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The Power review: Toni Collette and the teenagers smashing the patriarchy

This rip-roaring adaptation of the Naomi Alderman novel asks, ‘What if Margaret Atwood’s Handmaids got superpowers?’

‘She cuppeth the lightning in her hand. She commandeth it to strike.’

This electrifying line, found in the opening pages of British author Naomi Alderman’s magnificent utopian/dystopian novel The Power (it depends on your perspective), is an immaculate example of economic excellence. There’s a world of mischief contained within this creative spark.

The Power is purportedly written by a man, Neil Adam Armon, who has delivered a draft of his fictional novel-within-the-novel to Naomi (presumably Alderman, our actual author) to read. The quote paraphrases a line in the biblical Book of Job, with God benched in favour of She.

Credited to the Book of Eve, this suggests the feminist force of the lost gospel of Mary Magdalene. It’s a sky-cracked-open bolt of dangerous ideas, opening a rip-roaring novel that asks what would happen if teenage women the world over suddenly developed the ability to harness lightning bolts against the many-pronged violence of the patriarchy just as they reach the rocky road of puberty?

It was only a matter of time before such a spectacular premise summoned forth a screen adaptation, with playwright and Jessica Jones scribe Raelle Tucker summing forth the thunder as showrunner of Prime Video’s attempt.

Assembling an all-woman team of international writers and directors, including Alderman herself on screenplay duties, and Australian filmmaker Shannon Murphy (Babyteeth), the show also taps prolific Australian export Toni Colette to star as Margot Cleary-Lopez. An ambitious mayor of Seattle mayor fed up with being undermined by The Good Wife actor Josh Charles’ gross governor, and who is married to the supportive but occasionally hectoring Rob (John Leguizamo).

How she navigates the chaos caused by the mass-electro awakening to forward her career is intriguing, particularly because her rebellious daughter Jos (Auli’i Cravalho, who lent her vocal talents to the lead role in Moana) experiences microwave-melting moments of this mysterious power.

Brilliantly bolshy

As fun as their family fracas is, the daughter drama is way more intriguing across the Atlantic thanks to the show-stealing performance of Spanish-born, England-raised actor Ria Zmitrowicz. She plays brilliantly bolshy bundle of trouble Roxy, the illegitimate daughter of Eddie Marsan’s ferocious gangster Bernie.

Early on, we witness this working-class Londoner getting obnoxiously drunk at her ‘legitimate’ sister’s wedding. It’s pretty clear she can keep her brothers ­– most notably Sam Buchanan’s kind Terry – ­­in step even before her fingers start to arclight up. Where her story goes is easily the most compelling aspect of the show. When she uses the electricity to demand a bouncer not only let her into a club, but also grin, her sneering, ‘You look nice when you smile,’ is spot on.

Auli’i Cravalho in The Power. Image: Prime Video.

We’re probably supposed to be most intrigued by newcomer Halle Bush’s Alabama-based foster kid Allie, the most complex protagonist who escapes an abusive adoptive family, rocks up at a convent and proceeds to found an Eve-like cult following, with echoes of Lottie’s goddess complex over on Yellowjackets. But the decision to import her book-born inner monologue as an increasingly irksome narration by American Horror Story’s Adina Porter hamstrings these sequences.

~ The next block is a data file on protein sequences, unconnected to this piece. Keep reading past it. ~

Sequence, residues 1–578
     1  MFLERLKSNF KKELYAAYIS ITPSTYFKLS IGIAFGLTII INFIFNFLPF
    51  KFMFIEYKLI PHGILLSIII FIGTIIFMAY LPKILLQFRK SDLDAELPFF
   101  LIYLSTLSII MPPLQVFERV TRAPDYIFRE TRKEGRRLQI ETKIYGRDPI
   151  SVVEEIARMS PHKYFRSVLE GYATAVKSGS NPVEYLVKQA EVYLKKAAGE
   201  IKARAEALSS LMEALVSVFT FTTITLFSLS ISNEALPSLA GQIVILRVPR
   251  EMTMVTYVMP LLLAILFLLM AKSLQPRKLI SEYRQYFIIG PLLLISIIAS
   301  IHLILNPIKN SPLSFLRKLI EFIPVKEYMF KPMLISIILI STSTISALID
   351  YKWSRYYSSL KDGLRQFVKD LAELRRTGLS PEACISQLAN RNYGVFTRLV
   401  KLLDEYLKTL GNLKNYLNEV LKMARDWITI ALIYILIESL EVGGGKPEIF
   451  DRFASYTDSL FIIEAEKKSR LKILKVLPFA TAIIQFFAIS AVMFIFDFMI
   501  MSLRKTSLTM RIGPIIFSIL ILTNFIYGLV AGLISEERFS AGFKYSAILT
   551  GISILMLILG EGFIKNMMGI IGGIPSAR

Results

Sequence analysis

In the first half of the series, Croatian star Zrinka Cvitesic (London Spy) is under-utilised in a crammed cast, but shows promise as former gymnast Tatiana, the long-suffering wife of a slimy Eastern European dictator.

Male window

Likeable Ted Lasso star Toheeb Jimoh is our main window into the male perspective on this rapidly forming matriarchal force sweeping governments, dictatorships, religions and school rules aside. As Tunde, a Nigerian photojournalist, he’s generally a decent guy. Still, he totally steals the power outbreak story from a colleague (Heather Agyepong) whom he’s kinda stringing along while being a bit of a playboy.

When he posts a video of an attack online, he’s suddenly a big deal, scooped up by CNN, and she’s left behind as globe-hopping awaits. Tunde witnesses first-hand how this revelation shakes up the Middle East, where some of the show’s most spectacular scenes play out on the streets of Riyadh in Saudi Arabia (in reality, Canada stands in for everywhere). The echoes of the Iranian protests following the murder of Masha Amini are apparent, lending a great deal of heft to this subplot.

Moving parts

There are A LOT of moving parts at play in The Power, as we witness varying responses to this global sweep and new characters are added to the book’s narrative, but the story demands an epic scope, and Tucker steers us along ably.

While the opening episodes haven’t, as yet, addressed how these shifting dynamics might affect trans or intersex people, I’m reliably informed that will come in the second half of the season. For now, everything is in play. With great power comes great responsibility, and of course the terrible threat that humanity is destined to be shit regardless of gender. Collette, a stalwart, helps anchor this juggernaut, with Mr Selfridge alumna Zmitrowicz punching above her weight.

Anyone who has read Alderman’s novel knows that big things await in this awakening new world order, and I, for one, am excited to watch the sparks fly.

The Power is currently streaming on Amazon Prime Video.